Project Overview

The project that Team MCP Nano will be working on was created by the three team members as well Dr. Ken Noren and Dr. Suat Ay.  The project goal is to use free space optical communcations to transfer data between various sources.  The problem to be solved includes integration of transmitter/receiver circuitry, encoding/decoding circuit  and ability to connect with a user interface all onto one IC chip.   The chip is designed to allow two way communication between devices over a long distance, approximately 5 m.  

Specifications


  • 100kHz signal transmission
  • Range of 2+meters
  • Reliable transmission protocol
    • IRdA (Infrared Data Association)
    • UART (Universal Asynchronous Receiver-Transmitter)
    • RC5 (Rivest Cipher)
  • Total power dissipation of TX < 500mW
  • Total power dissipation of RX < 150mW
  • 5V single-ended power supply
  • Field-Programmable-Gate-Array (FPGA) interface

Historical Background

On June 3, 1880, Bell conducted the world's first wireless telephone transmission between two buildings, some 213 meters apart. Its first practical use came in military communication systems. The German army for example employed the Lichtsprechgerät 80 (light speaking device) in their World War II anti-aircraft defense units. The invention of lasers in the 1960s revolutionized free space optics. Military organizations were particularly interested in it because of its very secure nature (directed beams). 


FSO Today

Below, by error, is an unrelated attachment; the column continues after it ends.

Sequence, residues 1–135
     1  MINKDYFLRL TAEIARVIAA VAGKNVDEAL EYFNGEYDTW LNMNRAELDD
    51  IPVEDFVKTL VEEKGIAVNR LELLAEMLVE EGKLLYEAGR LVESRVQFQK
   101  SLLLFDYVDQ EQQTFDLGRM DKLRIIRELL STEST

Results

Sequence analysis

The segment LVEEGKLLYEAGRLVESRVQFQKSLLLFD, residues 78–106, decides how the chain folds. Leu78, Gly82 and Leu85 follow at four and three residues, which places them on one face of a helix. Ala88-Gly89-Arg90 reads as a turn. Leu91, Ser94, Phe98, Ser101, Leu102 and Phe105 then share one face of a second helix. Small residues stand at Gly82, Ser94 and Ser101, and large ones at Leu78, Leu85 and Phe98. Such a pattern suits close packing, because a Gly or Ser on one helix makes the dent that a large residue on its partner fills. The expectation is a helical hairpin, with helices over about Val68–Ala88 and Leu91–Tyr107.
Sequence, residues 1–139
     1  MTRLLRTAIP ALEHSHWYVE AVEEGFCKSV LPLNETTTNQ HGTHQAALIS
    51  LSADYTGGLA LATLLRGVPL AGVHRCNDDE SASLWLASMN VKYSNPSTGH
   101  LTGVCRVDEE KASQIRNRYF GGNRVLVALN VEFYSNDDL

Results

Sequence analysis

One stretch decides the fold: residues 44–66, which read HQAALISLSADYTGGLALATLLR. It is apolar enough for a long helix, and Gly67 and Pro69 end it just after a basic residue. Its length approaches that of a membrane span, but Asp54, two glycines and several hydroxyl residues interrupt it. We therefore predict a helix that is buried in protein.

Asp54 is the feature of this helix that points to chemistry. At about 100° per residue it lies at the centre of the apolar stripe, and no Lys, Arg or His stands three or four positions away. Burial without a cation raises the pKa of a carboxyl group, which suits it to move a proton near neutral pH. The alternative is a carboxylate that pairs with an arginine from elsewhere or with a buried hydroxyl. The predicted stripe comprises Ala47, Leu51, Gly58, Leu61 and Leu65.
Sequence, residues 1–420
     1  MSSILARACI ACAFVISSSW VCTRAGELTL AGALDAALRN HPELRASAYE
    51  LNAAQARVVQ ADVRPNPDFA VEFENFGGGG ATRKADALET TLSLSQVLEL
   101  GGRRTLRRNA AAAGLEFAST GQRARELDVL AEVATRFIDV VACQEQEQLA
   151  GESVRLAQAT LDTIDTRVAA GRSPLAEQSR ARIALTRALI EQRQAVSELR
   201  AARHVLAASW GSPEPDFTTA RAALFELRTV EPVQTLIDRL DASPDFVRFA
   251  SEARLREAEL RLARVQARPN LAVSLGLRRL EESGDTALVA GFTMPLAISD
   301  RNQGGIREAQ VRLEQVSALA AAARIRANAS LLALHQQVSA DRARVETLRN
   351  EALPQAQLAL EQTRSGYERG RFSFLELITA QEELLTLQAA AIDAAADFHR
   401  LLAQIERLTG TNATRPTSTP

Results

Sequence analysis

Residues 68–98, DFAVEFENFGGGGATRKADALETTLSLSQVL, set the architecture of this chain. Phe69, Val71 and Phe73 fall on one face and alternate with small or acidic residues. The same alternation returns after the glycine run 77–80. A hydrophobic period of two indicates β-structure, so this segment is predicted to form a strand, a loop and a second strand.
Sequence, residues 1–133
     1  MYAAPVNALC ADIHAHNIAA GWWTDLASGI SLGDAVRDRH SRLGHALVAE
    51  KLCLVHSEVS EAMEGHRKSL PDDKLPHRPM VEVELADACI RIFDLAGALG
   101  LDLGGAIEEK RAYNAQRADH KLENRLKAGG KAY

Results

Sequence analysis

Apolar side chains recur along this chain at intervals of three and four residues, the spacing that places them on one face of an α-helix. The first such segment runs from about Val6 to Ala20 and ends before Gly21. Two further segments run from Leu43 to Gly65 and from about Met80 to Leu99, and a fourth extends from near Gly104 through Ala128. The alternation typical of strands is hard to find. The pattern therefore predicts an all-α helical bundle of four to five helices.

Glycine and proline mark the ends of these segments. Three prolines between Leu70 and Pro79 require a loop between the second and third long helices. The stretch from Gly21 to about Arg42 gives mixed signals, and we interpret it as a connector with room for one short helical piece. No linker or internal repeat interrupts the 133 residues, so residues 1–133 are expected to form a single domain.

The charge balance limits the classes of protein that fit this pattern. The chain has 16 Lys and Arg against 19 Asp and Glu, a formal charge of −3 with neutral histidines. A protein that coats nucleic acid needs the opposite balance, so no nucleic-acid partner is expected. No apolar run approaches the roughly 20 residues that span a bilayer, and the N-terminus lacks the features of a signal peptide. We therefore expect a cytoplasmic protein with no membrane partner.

Many simple and inexpensive consumer remote controls use low-speed communication using infrared (IR) light (Consumer IR technologies). Advanced Free Space Optical (FSO) systems are most commonly employed for last mile communications in urban environments (instead of expensive fiber optics). These systems can function over distances of several kilometers as long as there is a clear line of sight between the source and the destination. It features several advantages over traditional RF communication systems:

  • Ease of deployment (air as a transmission medium)
  • License free (typical operating frequency of an 800nm IR laser is 1.25 MHz)
  • Very secure (narrow directed beam)
  • Immune to electromagnetic interference
  • High bit rates and low error rates
  • Protocol transparency

One of the major tradeoffs is optical interference (Fog/Snow/Smog) resulting in 10-100 DB/km attenuation. Another challenge comes from pointing instability (eg. due to wind / swinging skyscrapers / etc.), which can cause the beam to shift focus and requires very complex correction systems.